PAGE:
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Thread: After Kuban...Ardennes!

  1. #11
    Flt/Lt EAF79_OD's Avatar
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    Default Re: After Kuban...Ardennes!

    It shouldn’t be about doing something just because it is easy though. Also, if it is a late war Spitfire Mk IX then the similarities to the Mk V really start to fade a lot quicker than if it was a 1943 model. The tail is different, the engine is different, new prop, differences in the cockpit. The wing shape is the same and the fuselage, mostly. The systems are different too, far more automation involved.

    The Tempest will be great, and I am very happy to have it, it has similarities to the Typhoon, but it is my not a Typhoon. As one of my favourite aircraft I do find it disappointing that it is another one that is regularly overlooked (don’t think it has featured since CFS3) despite it’s importance to the war - at least as, if not more, important than the P-47. Also the Tempest was never equipped with rockets during the war - though it could carry them.

    Anyway, like I said, probably pointless to go over. Just wish someone would do the Mk XIV for a change. As ever the Luftwaffe get the best of the best that they had to offer, despite struggling to get them to fly, and the RAF have to make do with a patched up mid-war aircraft instead of the best of the best that was available at the end of the War. If it is the 25lb boost Mk IX we should be able to cope reasonably well.

    Orr would be crazy to fly more missions and sane if he didn't, but if he was sane he had to fly them. If he flew them he was crazy and didn't have to; but if he didn't want to he was sane and had to.
    "That's some catch, that Catch-22," he observed.
    "It's the best there is," Doc Daneeka agreed.

  2. #12

    Default Re: After Kuban...Ardennes!

    Quote Originally Posted by EAF79_OD View Post
    The tail is different, the engine is different, new prop, differences in the cockpit. The wing shape is the same and the fuselage, mostly. The systems are different too, far more automation involved.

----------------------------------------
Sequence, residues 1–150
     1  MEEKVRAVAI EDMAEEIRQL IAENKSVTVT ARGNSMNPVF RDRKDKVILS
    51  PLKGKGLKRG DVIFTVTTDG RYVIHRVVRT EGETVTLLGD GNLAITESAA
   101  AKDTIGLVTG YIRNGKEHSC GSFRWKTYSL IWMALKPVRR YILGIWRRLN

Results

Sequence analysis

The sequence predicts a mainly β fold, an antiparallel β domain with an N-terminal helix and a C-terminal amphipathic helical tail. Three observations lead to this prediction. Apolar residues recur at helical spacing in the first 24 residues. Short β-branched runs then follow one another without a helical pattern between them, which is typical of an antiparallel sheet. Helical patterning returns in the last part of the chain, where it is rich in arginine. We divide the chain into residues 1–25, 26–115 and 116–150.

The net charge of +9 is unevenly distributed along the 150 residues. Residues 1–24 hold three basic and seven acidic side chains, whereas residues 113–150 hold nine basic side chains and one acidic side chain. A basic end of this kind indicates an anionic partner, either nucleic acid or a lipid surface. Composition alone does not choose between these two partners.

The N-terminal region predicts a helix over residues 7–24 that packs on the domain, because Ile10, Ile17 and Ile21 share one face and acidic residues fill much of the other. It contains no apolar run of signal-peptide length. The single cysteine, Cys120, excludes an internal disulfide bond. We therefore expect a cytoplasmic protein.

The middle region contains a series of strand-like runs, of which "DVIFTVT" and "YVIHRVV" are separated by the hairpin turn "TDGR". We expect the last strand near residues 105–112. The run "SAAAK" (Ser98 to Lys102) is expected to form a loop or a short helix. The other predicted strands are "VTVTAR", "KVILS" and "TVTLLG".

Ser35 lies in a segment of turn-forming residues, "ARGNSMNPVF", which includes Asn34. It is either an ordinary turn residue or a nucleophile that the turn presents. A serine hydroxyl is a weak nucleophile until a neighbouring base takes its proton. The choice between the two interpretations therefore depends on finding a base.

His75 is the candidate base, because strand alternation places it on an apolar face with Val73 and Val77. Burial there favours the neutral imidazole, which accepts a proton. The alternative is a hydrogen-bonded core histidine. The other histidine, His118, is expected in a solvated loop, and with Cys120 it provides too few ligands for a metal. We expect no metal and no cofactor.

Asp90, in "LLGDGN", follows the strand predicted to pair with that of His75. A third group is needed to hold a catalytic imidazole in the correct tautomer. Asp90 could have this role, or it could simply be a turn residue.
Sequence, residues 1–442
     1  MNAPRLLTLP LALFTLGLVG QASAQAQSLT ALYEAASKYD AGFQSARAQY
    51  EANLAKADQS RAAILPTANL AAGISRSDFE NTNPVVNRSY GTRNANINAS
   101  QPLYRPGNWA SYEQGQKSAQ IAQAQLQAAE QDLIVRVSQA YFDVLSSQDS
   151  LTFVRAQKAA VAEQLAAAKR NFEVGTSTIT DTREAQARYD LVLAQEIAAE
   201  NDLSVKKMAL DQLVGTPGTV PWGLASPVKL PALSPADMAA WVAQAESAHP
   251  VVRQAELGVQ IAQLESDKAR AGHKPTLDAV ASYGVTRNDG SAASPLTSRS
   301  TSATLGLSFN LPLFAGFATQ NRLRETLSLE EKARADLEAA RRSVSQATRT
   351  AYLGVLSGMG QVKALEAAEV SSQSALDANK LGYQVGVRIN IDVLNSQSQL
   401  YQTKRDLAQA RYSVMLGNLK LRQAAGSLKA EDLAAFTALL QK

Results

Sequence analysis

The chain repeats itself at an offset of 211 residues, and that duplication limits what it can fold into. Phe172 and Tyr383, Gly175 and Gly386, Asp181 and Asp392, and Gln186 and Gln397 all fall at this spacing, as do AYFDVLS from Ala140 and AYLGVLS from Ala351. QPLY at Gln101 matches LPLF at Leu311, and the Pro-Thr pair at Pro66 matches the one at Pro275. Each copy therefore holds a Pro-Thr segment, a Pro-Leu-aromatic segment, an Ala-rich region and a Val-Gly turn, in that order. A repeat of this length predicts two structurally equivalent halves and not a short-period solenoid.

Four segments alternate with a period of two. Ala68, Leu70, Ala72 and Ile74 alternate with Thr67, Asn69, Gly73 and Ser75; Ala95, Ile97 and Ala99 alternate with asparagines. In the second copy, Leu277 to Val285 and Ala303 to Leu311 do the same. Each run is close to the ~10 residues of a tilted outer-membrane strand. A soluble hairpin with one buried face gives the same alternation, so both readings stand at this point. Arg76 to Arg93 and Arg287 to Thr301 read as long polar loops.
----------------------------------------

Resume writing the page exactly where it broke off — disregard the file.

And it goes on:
.
    My twopenny worth of additional info on late MKIX's

    The broad chord rudder that I think you are referring to was not standard on all late MkIX's, so we may or may not get it.

    The early MkIX's had an M63, which was considered the medium altitude engine. Later in the war 2nd TAF (Tactical Air Force) Spitfires were mostly fitted with the M66 better suited to low altitude work and a few with the M70 rated for high altitude (with high alt grey camouflage). BTW the MkXVI was basically a MkIX with the Packard built R-R M66, which was designated M266. I guess we will get the M66, like the DCS Spitfire.

    There are three main visual differences with early production aircraft :

    1) Mainplanes : Change from the "c" wing with 2 cannon and 4 Browning .303 to the "e" wing.

    "c" wing : 2x 20mm cannon in the inner cannon positions, with provision for a second 20mm in the outer cannon position and 4 x .303 mg's (as in DCS)
    When the second 20mm cannon was fitted, the .303 mg's were removed. The 4 cannon arrangement was rare, only a SAAF unit used it.

    "e" wing : 2 x 20mm cannon in the outer cannon positions, with provision for 2 x .50 cal mg's on the inner cannon position and 4 x .303 mg's.
    Again when the .50 cal mg's were fitted, the outer .303 mg's were often removed as pilots complained that the aircraft was sluggish when they were fitted.

    I guess we will probably get the "c" wing (also as in DCS).

    2) Elevators : Late production have an extended horn balance, which makes a kink in the horn balance cut out on the tailplane.

    3) Carburettor air filter : Early types have the short version like the MkV, later types the extended version incorporating the Vokes filter.

    Late MkIX's and MkXVI's were fitted with the "Rebecca" homing system which can be seen by a small blister with two small horizontal antennas just aft of the lower ID light, and as time passed the throttle became automatically linked to the airscrew control to ensure optimal power/consumption ratio. In MkIX/XVI the pilot still had the possibility to override this, but at his peril as fuel specific consumption would dramatically increase. There was also introduction of an improved gyro gunsight with binocular effect to help pilots with deflection shooting. It will be interesting to see if the sim version integrates these systems.
    "Sit and spin the fire". Extract from Topsy Turvey Land, a poem by William Brighty Rands.
    "In the bar everyone knows what they should have done - the problem is in applying it in the heat of the action". F Barthe RIP

  3. #13

    Default Re: After Kuban...Ardennes!

    My twopenny worth of additional info on late MKIX's
    Good summary; they are very close to each other akin to the G-2 to G-4. A XIV would require a new model and though I hope we will see that before too long, I'd rather have a 1944 IX released in decent time than a XIV at the very end (though I would pay for it as an addition).

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